TLWI Rust #100

Greetings, Rustaceans! It's newsletter time again and we have some exciting topics to cover this week. Hold on to your seats as we dive into the world of Rust programming. Don't forget to check out our highlighted links for this edition - RustDesk Server Program, 4 ways to read a file in Rust, Testing and building your Rust project with GitHub Actions, Actix Web, and of course, the question, "Do we need a 'Rust Standard'?".

First up, have you ever heard of a RustDesk Server Program? If not, then you're in for a treat. RustDesk Server Program is a new and exciting way to remotely control a Rust application. This server program allows you to easily connect and monitor your Rust application from anywhere in the world. It comes with a detailed installation guide and is definitely something you'll want to check out.

Second on our list is a guide exploring 4 ways to read a file in Rust. Whether you're just starting out with Rust or a seasoned veteran, knowing how to read a file is essential. This guide covers 4 different methods for reading files in Rust including the standard library, BufReader, and more. Check it out and see if there's a method you haven't used before!

If you're interested in continuous integration and deployment, then Testing and building your Rust project with GitHub Actions is a must read. This guide covers how to set up GitHub Actions to automatically test your Rust project on different operating systems, as well as how to build and deploy your code right from your repository. Automating your testing and deployment process can save you time and headaches down the road, so definitely give this guide a look.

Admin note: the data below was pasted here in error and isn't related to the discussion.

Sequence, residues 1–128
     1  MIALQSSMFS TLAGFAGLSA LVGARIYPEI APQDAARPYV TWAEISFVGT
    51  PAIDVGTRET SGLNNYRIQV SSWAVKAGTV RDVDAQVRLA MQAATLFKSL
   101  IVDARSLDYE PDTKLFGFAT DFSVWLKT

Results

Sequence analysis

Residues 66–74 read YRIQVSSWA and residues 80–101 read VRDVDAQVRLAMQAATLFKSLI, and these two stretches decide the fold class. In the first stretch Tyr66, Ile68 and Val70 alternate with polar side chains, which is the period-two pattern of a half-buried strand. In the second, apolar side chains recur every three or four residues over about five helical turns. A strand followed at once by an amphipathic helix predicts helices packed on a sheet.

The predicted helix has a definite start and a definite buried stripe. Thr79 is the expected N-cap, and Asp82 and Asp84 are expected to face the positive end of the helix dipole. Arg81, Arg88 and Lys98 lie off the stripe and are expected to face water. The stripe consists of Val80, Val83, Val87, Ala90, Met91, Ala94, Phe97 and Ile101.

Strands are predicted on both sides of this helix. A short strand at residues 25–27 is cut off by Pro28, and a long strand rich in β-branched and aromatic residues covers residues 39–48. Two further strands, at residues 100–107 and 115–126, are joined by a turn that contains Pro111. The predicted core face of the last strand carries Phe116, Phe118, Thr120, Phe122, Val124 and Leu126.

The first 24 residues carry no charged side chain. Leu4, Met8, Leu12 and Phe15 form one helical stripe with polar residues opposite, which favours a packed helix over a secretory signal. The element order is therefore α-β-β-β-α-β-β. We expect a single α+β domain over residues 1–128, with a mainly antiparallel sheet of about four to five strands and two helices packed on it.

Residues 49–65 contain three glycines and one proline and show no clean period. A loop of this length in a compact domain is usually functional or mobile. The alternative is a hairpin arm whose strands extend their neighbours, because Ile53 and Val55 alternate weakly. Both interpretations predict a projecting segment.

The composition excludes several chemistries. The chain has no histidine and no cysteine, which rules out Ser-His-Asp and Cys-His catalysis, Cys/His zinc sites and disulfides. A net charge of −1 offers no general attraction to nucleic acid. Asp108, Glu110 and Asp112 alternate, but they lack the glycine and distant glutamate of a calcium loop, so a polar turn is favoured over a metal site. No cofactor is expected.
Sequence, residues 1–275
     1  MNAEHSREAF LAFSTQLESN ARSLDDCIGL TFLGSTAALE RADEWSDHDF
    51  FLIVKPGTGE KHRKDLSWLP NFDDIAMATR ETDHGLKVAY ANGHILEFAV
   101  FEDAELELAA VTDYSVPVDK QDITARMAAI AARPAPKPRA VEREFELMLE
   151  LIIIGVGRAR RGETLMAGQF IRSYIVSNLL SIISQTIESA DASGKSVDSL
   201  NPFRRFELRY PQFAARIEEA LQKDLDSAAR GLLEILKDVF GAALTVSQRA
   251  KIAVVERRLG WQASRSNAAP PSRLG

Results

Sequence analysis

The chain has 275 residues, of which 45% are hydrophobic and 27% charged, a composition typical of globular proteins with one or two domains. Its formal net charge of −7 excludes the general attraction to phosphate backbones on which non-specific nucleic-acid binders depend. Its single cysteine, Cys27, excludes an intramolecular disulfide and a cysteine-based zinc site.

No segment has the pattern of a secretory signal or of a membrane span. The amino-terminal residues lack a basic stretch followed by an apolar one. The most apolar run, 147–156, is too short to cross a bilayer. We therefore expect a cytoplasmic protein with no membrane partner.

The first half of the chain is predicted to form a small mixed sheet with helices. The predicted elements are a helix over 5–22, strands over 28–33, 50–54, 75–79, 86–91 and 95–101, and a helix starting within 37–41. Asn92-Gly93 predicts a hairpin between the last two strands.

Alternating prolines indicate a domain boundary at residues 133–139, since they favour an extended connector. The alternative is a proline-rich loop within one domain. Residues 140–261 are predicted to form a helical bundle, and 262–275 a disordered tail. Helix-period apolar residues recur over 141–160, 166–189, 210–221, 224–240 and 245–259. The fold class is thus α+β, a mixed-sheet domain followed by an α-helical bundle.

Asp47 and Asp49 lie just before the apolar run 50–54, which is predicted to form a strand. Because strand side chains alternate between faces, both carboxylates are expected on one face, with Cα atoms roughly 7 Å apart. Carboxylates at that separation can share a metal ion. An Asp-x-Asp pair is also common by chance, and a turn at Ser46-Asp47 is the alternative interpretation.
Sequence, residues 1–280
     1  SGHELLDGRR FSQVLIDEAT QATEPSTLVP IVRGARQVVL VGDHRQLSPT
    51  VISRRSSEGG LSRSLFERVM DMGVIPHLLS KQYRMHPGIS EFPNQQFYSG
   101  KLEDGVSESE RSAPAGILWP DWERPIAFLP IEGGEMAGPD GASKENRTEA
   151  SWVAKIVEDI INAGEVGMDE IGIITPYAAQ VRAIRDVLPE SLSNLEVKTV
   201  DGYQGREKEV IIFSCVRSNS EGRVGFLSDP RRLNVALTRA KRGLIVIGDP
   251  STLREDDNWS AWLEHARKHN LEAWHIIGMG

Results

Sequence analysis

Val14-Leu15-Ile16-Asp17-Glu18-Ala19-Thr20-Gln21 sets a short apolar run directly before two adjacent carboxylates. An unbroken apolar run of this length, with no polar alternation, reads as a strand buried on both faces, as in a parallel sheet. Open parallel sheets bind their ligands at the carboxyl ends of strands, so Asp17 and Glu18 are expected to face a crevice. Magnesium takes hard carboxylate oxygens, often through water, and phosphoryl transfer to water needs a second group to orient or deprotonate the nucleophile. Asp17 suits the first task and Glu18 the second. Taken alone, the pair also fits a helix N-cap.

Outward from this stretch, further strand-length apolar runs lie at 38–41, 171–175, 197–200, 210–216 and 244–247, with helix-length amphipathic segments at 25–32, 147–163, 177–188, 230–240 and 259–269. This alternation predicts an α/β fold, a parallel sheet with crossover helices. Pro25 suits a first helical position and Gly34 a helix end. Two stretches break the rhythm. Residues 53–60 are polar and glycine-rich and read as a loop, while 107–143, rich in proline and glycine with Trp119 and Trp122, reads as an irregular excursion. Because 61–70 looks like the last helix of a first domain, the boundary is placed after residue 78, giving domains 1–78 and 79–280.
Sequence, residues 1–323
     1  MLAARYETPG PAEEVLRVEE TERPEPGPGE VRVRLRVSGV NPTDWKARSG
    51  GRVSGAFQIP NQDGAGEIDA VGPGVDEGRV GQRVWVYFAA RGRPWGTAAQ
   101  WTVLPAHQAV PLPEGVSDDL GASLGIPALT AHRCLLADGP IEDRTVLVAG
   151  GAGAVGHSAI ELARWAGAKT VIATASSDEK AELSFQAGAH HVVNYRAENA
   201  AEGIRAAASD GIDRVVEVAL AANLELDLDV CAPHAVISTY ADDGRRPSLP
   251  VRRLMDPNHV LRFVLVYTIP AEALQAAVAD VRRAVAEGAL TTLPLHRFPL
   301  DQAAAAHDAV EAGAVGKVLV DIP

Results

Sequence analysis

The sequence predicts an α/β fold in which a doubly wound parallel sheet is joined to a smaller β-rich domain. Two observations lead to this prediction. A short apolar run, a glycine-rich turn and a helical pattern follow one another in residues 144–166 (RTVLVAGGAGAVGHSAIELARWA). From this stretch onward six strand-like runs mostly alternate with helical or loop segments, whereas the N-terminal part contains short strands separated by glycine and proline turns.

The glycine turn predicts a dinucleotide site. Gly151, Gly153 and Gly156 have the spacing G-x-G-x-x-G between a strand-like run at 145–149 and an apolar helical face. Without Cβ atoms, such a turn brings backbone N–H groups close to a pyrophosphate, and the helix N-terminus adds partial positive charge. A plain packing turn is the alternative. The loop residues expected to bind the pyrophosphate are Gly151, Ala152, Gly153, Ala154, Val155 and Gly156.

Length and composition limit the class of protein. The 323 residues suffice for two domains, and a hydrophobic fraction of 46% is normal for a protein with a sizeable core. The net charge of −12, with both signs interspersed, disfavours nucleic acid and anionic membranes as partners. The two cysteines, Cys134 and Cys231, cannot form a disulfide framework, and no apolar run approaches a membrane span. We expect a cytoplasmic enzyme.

For those of you who are interested in web development, Actix Web is an amazing framework to use. It's powerful, pragmatic, and extremely fast. This guide covers the basics of using Actix Web, from creating a basic application to handling requests and responses. If you want to create web applications in Rust, Actix Web is definitely a framework to consider.

Last but not least, we have the burning question, "Do we need a 'Rust Standard'?" Recently, there has been a lot of discussion in the Rust community about whether or not there should be a "Rust Standard" – a set of guidelines or rules that all Rust code must adhere to. In this article, we explore the pros and cons of having a standard and what it might mean for the future of the language. Don't miss out on this thought-provoking read!

That wraps up this week's newsletter. We hope you enjoyed our selection of highlighted links and continue to learn and grow with Rust. As always, keep on Rustin'!


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